Major: Associate in Arts
Growing up as a Muslim and Palestinian in America, Amira Abuarqoub always felt the struggle of being marginalized in society.
This led to her desire to speak up and decide to pursue a career in law.
“The older I got, the more I felt compelled to stand up for myself and others who often feel a lack of acceptance and representation, further leading me to seek avenues in which I could do just this,” she said. “For me, giving myself power through education will allow me to do this at greater lengths as well as to the best of my ability.”
Eager to expand her education further, Abuarqoub graduated from high school a semester early. However, she knew it might be difficulty to start as a spring-semester freshman at a four-year school. She turned to College of DuPage, knowing the transition seemed easier and that it was the financially responsible option.
She began taking general education classes and was instantly drawn to the material in her Intro to Political Science class.
“I found myself wanting to know more,” she said. “This interest only continued to intensify as I took more political science courses, making it an easy task to claim political science as my field of study, as I was passionate about the material and how it could relate to and educate me.”
Because she is paying for college on her own, Abuarqoub was grateful to be named a Board of Trustees Scholar, which includes $2,500 per year for tuition.
“This was quite honestly the biggest surprise to me and was the exact jump start I needed as I began the first steps in my college education,” she said. “The Board of Trustees Scholarship expected me to maintain a high standard as a student that is vital to my success and future. One benefit to being a Board of Trustees Scholar was that I was automatically a part of the Honors program, challenging me to learn beyond what I assumed I was capable of. Because of this, I am only allowing myself to pursue my education at the quality and standard that I have experienced at COD. It also motivated me to jump on every opportunity I possibly could on campus, such as getting involved in multiple clubs, events and organizations that only broadened my knowledge and experiences.”
She also received the Rev. Dr. Martin Luther King Jr. Scholarship, which provided an additional $2,000 for her tuition. Abuarqoub was awarded another scholarship through her work with New Student Orientation as an orientation leader and team lead.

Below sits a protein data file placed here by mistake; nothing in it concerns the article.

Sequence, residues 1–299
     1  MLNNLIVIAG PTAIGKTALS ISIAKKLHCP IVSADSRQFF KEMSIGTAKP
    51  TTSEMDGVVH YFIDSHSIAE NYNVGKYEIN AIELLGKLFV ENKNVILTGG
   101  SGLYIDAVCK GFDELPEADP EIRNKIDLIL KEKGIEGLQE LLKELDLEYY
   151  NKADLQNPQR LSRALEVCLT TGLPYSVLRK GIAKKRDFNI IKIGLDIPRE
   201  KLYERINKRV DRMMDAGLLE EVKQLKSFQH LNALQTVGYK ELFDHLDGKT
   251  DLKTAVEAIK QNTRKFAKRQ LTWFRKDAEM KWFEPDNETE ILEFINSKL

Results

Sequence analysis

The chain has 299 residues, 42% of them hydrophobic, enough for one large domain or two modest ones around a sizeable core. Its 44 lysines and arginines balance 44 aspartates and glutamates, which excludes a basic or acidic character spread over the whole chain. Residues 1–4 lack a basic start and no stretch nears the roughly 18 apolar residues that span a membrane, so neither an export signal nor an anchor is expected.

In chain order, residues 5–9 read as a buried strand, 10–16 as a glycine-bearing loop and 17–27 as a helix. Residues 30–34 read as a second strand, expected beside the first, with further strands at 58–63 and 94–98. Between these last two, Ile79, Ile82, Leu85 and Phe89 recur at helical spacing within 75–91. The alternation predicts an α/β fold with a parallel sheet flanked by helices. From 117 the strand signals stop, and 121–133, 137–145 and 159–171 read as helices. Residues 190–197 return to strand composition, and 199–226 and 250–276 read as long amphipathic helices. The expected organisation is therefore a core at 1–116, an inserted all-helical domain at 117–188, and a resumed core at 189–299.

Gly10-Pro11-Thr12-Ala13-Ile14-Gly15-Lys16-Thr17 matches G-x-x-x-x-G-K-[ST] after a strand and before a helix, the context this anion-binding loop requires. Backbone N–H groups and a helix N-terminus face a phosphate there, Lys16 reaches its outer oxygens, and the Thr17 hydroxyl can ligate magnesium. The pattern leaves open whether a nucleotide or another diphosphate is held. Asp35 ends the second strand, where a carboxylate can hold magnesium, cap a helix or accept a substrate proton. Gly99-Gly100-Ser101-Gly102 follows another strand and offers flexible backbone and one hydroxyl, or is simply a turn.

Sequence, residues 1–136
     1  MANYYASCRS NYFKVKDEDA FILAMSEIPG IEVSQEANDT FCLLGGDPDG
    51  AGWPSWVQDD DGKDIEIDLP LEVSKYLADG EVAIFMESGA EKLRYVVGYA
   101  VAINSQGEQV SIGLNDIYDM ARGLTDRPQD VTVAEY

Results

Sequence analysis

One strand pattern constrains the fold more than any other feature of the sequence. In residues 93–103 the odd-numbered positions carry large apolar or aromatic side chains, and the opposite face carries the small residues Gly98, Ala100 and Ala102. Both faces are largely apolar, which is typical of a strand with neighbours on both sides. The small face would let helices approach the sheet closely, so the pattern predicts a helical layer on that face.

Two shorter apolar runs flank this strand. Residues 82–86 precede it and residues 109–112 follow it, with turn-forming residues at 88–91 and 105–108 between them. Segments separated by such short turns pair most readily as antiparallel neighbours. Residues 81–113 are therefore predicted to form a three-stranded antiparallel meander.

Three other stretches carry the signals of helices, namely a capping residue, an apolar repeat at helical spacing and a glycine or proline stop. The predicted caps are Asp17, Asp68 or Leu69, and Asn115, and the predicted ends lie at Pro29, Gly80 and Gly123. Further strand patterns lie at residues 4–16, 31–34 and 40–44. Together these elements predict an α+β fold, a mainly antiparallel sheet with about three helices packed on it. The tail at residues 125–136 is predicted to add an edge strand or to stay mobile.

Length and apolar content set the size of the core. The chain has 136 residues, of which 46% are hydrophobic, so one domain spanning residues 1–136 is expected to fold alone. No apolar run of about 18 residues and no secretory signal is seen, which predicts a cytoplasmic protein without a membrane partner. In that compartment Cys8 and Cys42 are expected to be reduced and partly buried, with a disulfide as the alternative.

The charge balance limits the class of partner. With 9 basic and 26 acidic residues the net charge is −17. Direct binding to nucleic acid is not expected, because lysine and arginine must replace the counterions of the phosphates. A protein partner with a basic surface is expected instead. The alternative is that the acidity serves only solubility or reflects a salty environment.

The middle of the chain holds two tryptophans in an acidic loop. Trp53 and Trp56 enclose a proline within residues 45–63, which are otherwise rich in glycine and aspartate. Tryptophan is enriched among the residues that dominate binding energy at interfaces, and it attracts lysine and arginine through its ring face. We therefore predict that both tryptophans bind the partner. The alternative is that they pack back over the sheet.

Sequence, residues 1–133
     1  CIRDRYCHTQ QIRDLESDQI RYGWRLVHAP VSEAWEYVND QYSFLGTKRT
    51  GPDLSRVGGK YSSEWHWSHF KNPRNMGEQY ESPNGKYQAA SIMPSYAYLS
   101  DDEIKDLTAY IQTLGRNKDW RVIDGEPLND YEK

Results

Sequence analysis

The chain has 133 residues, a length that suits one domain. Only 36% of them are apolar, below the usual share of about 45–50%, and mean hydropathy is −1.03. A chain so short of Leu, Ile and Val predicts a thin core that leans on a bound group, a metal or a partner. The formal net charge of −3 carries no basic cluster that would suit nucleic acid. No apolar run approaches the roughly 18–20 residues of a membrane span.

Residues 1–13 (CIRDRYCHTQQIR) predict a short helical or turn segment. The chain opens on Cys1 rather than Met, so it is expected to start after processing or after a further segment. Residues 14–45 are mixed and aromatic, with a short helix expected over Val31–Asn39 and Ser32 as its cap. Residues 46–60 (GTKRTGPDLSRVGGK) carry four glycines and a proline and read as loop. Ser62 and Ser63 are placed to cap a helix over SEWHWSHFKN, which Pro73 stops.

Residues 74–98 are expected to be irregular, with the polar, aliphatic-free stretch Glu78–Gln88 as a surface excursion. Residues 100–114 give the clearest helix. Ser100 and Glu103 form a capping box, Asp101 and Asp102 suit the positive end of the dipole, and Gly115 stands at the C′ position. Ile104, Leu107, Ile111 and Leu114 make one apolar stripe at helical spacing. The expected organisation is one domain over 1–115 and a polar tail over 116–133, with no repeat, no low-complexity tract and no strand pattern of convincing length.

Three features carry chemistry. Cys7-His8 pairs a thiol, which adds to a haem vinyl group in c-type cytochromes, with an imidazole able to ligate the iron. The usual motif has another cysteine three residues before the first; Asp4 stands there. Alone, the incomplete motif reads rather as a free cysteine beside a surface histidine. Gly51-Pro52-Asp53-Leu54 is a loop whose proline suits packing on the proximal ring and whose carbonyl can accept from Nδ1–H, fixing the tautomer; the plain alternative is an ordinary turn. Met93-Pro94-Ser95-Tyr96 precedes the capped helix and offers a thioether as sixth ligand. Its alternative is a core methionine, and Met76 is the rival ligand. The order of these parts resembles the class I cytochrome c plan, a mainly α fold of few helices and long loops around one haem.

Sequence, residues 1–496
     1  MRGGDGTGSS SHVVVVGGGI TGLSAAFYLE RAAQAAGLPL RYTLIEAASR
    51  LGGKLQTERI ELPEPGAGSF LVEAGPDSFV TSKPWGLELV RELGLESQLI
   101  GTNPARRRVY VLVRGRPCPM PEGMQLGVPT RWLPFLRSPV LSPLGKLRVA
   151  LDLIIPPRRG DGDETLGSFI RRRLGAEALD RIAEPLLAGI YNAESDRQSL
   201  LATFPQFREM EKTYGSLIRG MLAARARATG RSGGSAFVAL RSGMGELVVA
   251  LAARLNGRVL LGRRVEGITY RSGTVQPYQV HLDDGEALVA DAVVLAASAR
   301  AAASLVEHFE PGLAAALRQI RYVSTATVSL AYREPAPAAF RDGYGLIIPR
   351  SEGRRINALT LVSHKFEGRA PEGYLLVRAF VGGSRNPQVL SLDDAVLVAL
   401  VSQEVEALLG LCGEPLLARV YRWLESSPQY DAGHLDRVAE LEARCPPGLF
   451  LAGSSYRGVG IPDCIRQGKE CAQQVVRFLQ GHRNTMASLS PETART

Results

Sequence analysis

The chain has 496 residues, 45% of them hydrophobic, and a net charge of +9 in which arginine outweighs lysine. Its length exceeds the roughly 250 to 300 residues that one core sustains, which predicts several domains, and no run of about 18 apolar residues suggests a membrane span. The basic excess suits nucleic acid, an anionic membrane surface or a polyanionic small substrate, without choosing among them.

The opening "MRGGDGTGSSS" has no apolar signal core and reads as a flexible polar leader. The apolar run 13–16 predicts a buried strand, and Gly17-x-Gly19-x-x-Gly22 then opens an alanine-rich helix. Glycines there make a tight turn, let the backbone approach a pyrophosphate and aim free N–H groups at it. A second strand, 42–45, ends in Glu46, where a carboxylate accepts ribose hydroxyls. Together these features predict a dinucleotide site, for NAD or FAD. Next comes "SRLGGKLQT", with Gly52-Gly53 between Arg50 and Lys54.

“Being a part of NSO had the greatest impact on me by helping me realize that attending COD was more than just a bridge to my next chapter, it was my defining chance to start becoming who I wanted and expected myself to be,” she said. “Through NSO, I got to meet and make great friends who helped increase my activity on campus through clubs and organizations such as Black Student Alliance and Phi Theta Kappa. I also was inspired to start my own club, the Arab Student Alliance, to bring more people of different backgrounds and identities together. Being a part of these clubs and organizations have completed the college experience for me, making me even more prepared to take on my next challenges and experiences.”
After earning her Associate in Arts degree with honors, Abuarqoub transferred to the University of Illinois at Chicago to pursue a bachelor’s degree in political science on the pre-law track. Her ultimate goal is to become a criminal defense attorney.
She is grateful for the many ways COD helped her begin a successful college career.
“College of DuPage was the new beginning I needed after high school to reboot myself and embark on my academic journey,” she said. “I have been able to accomplish so much because of the resources I was given at COD. Academically, I have excelled to new lengths, especially after a limited high school experience. This is because I was cared for as a student better at COD. My counselors, professors and everyone I encountered were more invested in me and my success, helping me ensure that I would be constantly pushing myself to my full potential.
“The biggest piece of advice I can give to students who are considering College of DuPage is to not feel pressured by your peers and make the best choice that benefits your own future and success. As someone who attended a very competitive and overachieving high school, I constantly felt the pressure to attend a university straight out of high school, even though that was not something I felt I would be completely comfortable with. Choosing a university or college with a prestigious name or title will have no benefit to you as an individual if you are not 100 percent in it, ready to take advantage of every opportunity in your path, or prepared for what college life really entails. Attending COD has helped me blossom as a student and realize my capability.”